We have entered a vicious spiral of decline, whereby the worse the working conditions for GPs, the greater the chances of claims, the less GPs will work, and the worse the conditions will become (and so on). The only option is to break the cycle. We can use indemnity to make it happen. Insist on the standards. Reduce the claims. Decrease the cost of cover. Use the absolute requirement to adhere to the standards to accelerate the changes in general practice.

Disruptive entrepreneurs like Tawhid may not be everyone’s cup of tea, but individuals like him are what is needed to shake the profession out of its current predicament. Instead of avoiding indemnity it is time to tackle it head on, and use it as a lever to drive through the changes that no one disputes are necessary.

Make General Practice your CCG’s Priority

What will the GPs working in CCGs leave behind when clinical commissioning has been dismantled? Ben Gowland argues that now is the time for them to consider this legacy and to act swiftly and single-mindedly…

This week Simon Stevens exhorted GPs on CCG Governing Bodies to ensure the money promised to general practice reaches its intended destination. He condemned the compounded impact of a decade of disinvestment in primary care, and reaffirmed the necessity of changing the trend to one of investment above the rate of the rest of the NHS. Mr Stevens declared the final destination of the GP Forward View money the responsibility of GPs.

At the same event Professor Steve Field, CQC Chief Inspector of Primary Care, declared an inspectorate for general practice is only needed because local GP leaders have not done their job properly. The CQC is a necessary evil caused only, according to Professor Field, by the failures of local GP leadership.

These declarations will rankle with GPs. CCGs in many areas do not have, and never have had, responsibility for the commissioning of general practice. They are castigated on an almost daily basis for their failure to monitor conflicts of interest thoroughly and effectively, and for allowing their particular part of the system to slide into financial imbalance. And now suddenly we have bewilderment expressed at a national level as to how GPs in the form of CCGs could have been given the purse strings and at the same time allow general practice to fall into its current parlous state.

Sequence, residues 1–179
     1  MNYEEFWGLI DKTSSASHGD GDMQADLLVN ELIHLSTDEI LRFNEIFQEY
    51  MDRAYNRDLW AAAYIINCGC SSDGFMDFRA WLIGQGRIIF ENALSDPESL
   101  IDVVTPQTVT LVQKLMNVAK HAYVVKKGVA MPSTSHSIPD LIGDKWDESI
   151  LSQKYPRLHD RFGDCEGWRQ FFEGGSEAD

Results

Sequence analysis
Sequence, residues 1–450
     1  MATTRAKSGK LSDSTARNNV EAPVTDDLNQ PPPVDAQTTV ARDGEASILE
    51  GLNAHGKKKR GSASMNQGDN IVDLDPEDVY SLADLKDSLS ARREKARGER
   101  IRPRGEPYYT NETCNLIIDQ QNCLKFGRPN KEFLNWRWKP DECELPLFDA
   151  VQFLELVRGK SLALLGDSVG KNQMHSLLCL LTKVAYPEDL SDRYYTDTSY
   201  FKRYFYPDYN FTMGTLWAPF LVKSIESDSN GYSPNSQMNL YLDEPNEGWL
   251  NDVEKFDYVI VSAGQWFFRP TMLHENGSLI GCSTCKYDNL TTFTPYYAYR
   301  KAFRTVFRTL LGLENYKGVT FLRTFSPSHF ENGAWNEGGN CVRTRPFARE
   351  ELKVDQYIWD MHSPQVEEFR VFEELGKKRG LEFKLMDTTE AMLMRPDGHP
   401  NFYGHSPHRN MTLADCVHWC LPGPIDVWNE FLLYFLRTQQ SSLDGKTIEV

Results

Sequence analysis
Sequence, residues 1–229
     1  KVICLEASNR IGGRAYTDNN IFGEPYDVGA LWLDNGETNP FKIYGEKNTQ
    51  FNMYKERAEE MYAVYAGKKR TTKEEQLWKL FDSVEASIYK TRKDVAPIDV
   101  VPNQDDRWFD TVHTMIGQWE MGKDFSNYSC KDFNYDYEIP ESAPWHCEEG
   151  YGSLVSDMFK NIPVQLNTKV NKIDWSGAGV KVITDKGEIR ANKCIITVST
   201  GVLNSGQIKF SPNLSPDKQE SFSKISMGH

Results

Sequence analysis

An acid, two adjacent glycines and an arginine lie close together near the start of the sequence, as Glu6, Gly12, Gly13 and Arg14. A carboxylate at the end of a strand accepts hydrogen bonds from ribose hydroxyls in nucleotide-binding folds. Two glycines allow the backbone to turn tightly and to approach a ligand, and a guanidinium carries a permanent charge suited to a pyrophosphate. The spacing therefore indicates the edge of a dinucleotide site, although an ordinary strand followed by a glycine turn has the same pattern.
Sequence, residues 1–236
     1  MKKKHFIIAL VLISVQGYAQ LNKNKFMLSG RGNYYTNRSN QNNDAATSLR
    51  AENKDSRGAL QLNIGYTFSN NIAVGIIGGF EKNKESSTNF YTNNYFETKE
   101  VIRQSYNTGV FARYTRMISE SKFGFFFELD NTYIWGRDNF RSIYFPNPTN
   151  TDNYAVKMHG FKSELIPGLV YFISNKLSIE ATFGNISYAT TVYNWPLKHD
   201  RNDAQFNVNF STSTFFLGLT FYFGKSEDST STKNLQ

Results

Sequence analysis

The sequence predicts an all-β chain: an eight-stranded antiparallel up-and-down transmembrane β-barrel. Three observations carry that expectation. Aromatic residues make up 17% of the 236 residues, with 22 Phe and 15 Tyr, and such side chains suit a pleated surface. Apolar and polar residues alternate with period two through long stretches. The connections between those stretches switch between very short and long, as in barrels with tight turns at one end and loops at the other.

At the same time, clinical commissioning is being discreetly dismantled. STPs, local accountable care organisations, and devolution are working together to diminish the role of commissioning. Ever since the shift from competition to integration with the publication of the Five Year Forward View, power has been stripped from those attempting to use contractual levers and plurality of provision to effect change. Unachievable financial pressures have been added to CCGs to “even up” the playing field between commissioners and providers, so all can “share the pain equally”.

What is a GP on a CCG Governing Body to make of all of this? What should they do?

It is time to think legacy. It is time to look forward 5 years and think what impact did I have on local general practice? What did I do that made a real difference?

The door has been opened. Simon Stevens and Steve Field are telling you, explicitly, it is your job and your responsibility to support general practice. Take them at their word. Do everything in your power to ensure the GP Forward View money reaches general practice. Reverse the trend of disinvestment and ensure funding for general practice reaches 10 or even 11% of local NHS expenditure.

Hold your own CCG to account for increasing its investment in general practice. Use delegated commissioning to shift the focus of the CCG away from the acute trusts and onto the stated national priority of general practice. Be single minded. Use the opportunity.

Time is limited. You are now being berated at a national, as well as (I assume) a local, level for not using the situation you are in to make a difference to general practice. Stop listening to those who are persuading you the right thing is to forego investment for the sake of financial balance, or that the CCG can’t afford to create its share of the £171m earmarked from core CCG allocations for general practice.

The time for self-sacrifice is over. It is not serving you or your local population. However uncomfortable it feels to say to a room of stakeholders, all desperate for commissioner money, that you have weighed up all their needs and have decided to give it to yourself and your colleagues, that is what you have to do. Putting general practice, primary care and all of out of hospital care first is a national priority. Make it yours.